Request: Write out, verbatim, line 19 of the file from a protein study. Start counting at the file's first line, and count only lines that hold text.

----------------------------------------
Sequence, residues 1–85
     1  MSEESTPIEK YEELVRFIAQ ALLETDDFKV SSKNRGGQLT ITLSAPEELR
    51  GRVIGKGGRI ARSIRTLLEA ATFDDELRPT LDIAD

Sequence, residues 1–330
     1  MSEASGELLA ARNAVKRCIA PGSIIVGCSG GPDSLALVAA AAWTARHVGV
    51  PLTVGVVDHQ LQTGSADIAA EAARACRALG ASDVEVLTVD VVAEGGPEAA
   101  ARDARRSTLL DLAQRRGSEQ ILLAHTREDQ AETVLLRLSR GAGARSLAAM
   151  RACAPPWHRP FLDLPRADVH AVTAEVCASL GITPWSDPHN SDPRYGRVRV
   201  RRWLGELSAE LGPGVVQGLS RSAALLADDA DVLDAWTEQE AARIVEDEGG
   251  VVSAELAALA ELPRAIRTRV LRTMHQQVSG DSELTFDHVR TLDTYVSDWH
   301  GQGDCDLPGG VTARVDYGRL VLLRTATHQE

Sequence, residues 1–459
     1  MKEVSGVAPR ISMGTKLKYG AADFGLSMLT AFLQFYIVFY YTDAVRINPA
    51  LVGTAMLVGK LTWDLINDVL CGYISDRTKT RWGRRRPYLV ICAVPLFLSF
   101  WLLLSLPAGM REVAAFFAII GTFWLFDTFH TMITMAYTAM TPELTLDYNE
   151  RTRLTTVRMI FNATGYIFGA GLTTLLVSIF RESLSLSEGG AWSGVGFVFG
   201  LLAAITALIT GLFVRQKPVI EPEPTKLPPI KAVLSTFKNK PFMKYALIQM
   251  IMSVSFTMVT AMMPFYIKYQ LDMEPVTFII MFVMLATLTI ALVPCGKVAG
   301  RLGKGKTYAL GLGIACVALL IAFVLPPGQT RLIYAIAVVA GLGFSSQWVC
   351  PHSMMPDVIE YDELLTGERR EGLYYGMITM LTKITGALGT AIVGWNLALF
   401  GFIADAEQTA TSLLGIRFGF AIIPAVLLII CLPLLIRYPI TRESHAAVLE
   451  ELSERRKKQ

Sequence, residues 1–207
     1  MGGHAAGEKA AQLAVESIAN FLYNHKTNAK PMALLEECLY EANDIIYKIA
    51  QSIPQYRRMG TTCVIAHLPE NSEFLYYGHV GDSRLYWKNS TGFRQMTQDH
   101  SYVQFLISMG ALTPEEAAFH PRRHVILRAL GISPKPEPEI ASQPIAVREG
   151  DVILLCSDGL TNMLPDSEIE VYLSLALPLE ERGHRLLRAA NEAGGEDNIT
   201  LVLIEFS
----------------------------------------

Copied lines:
   301  RLGKGKTYAL GLGIACVALL IAFVLPPGQT RLIYAIAVVA GLGFSSQWVC